Wilson said he couldn’t abide by such strict guidelines as a gamer with a military career and a family. That’s why he founded Military Gamers.
Community members have no minimum requirements for game play. They come and go as they please.
“A lot of people are looking for that niche,” he says.
He says the community is made of people who “really understand what [other military gamers] have done, where they have been.”
Just like a sports team, video gaming communities often plant the seeds of long-lasting friendships. Pfc. Jason Denson, a member of the Texas Army Guard, says Military Gamers has become a place for military members to help each other out when they are experiencing the effects of combat stress or family strife.
The community’s members span all ages, ranks and services, and can provide a huge knowledge base on both gaming and how to navigate the many difficult parts of military and Department of Veterans Affairs bureaucracy.
“When you have so many military people, you get a lot of accumulated knowledge,” says Denson. “They know what to tell people in order to help.”
Wilson says he’s often talked on voice chat long into a night with community members having trouble coping with the stress of military life. The support structure that has organically formed on Military Gamers is so strong, he says, that the community will soon launch a nonprofit organization that will address post-traumatic stress disorder in the military gaming community.
“One of things we have found is that when you can relate to people, you can open up and talk about things,” he says.
There are other areas where military gamers are using their unique knowledge. Military gamers are bringing real-world experience to bear on the commercial gaming industry as consultants.
Christianson’s OffDutyGamers is a media site that offers video game/ equipment reviews, industry news and other related content. It is also involved in a number of efforts to make military-like video games more authentic.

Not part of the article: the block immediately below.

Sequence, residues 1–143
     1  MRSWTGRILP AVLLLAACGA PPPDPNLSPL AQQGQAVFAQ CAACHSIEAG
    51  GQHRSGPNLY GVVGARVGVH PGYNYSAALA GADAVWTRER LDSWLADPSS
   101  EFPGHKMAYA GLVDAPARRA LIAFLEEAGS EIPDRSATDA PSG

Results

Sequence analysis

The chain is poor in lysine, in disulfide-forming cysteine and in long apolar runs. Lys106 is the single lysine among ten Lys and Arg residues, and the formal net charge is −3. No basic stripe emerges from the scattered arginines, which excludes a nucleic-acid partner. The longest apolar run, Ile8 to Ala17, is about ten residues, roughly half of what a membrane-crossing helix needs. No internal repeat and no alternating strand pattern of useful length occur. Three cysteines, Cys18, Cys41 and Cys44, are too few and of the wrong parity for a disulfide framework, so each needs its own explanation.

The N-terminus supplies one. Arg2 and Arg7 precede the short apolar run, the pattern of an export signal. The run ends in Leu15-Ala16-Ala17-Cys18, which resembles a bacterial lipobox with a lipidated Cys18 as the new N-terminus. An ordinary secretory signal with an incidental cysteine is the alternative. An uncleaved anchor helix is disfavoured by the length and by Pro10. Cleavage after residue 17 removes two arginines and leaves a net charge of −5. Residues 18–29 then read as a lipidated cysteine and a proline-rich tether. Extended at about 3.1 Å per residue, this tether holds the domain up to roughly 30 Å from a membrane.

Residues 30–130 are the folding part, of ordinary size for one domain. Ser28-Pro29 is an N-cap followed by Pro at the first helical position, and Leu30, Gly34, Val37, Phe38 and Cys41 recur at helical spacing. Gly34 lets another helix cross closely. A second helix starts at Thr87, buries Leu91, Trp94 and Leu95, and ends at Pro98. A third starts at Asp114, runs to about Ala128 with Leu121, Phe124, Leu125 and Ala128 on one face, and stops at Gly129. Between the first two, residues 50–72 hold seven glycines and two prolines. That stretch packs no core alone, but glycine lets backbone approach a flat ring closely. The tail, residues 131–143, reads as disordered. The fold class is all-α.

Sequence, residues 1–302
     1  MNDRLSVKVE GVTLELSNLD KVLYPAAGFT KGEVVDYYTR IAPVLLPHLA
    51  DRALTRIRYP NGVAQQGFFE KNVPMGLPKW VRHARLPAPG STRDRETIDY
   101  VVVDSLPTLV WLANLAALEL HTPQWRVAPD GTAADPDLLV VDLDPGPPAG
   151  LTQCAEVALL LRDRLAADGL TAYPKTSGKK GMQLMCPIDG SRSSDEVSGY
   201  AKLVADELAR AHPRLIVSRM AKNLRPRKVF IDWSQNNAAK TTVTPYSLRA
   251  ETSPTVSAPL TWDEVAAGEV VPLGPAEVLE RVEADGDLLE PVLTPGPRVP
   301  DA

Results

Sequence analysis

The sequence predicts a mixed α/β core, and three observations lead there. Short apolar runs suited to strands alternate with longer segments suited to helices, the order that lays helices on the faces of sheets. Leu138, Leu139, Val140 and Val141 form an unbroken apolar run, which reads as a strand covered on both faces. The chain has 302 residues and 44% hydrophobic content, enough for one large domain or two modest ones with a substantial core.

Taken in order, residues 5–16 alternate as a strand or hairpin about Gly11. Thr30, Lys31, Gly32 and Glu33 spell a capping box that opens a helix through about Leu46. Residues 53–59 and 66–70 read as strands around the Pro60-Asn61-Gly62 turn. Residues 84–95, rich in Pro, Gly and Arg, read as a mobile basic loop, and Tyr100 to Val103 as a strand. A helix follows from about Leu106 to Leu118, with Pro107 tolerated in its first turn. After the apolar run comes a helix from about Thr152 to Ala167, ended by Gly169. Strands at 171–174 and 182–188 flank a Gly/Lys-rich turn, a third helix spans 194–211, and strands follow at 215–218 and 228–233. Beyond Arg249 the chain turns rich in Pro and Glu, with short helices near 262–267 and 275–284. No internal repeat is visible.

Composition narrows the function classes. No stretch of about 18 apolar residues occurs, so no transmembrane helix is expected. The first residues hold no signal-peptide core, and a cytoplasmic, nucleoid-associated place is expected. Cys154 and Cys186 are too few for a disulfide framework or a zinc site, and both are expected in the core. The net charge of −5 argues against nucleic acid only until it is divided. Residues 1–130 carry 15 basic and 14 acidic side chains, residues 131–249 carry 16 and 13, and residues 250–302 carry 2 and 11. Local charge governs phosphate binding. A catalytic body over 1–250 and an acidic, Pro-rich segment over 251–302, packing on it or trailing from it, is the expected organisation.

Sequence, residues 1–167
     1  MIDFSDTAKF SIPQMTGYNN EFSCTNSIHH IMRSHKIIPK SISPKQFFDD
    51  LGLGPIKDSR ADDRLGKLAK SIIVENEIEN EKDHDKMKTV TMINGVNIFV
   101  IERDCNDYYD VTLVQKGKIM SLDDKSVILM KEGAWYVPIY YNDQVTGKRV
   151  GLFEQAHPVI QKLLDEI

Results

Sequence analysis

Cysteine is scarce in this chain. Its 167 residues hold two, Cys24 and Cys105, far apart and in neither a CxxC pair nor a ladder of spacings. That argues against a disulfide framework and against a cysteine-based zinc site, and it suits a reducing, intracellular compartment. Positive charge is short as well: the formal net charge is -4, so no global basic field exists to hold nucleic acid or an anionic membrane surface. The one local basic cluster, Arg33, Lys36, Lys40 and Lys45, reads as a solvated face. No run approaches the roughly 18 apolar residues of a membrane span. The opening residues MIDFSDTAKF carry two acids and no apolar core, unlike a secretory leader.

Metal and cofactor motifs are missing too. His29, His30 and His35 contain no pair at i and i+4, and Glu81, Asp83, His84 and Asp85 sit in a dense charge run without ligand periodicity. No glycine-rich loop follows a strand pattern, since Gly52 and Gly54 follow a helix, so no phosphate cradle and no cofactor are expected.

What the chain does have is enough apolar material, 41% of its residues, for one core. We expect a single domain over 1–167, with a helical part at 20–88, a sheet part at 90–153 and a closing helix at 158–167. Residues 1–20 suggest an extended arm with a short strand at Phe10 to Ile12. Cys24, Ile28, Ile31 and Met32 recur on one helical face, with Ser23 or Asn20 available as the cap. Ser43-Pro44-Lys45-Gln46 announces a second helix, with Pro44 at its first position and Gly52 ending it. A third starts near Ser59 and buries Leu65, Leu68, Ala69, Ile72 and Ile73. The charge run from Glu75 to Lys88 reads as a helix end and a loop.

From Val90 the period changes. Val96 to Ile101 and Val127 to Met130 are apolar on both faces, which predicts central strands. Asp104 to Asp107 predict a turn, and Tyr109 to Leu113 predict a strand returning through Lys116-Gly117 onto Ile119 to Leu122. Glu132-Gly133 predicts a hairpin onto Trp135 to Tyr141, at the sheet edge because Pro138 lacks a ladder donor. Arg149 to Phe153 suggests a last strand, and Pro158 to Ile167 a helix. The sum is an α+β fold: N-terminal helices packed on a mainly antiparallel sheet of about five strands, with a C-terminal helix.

In fact, the site’s creation was inspired by an event Christianson organized for the Electronic Arts development team for Medal of Honor: Airborne in 2007 at Ft. Bragg N.C. He brought members of the team to the installation to give them a tour and encourage them to make militarybased video games more realistic.
Christianson says that many military video games lack the physics of real combat. OffDutyGamers aims to provide consultation to video game developers to help them eliminate those inconsistencies.
His veteran consultants have worked on another Electronic Arts title, Battlefield 3. They provided input on several aspects of game play, including the proper animation of an M4 weapon reloading sequence.
“We went through and found all the little things that most people don’t notice, but drive military people crazy,” he says.
Christianson says that the developers he’s worked with are very responsive to input from OffDutyGamers.
But while the additional realism may make military members cringe a bit less, it doesn’t necessarily level the playing field against other gamers. Christianson says that extra realism does not tip the scales in favor of military gamers playing military-based games.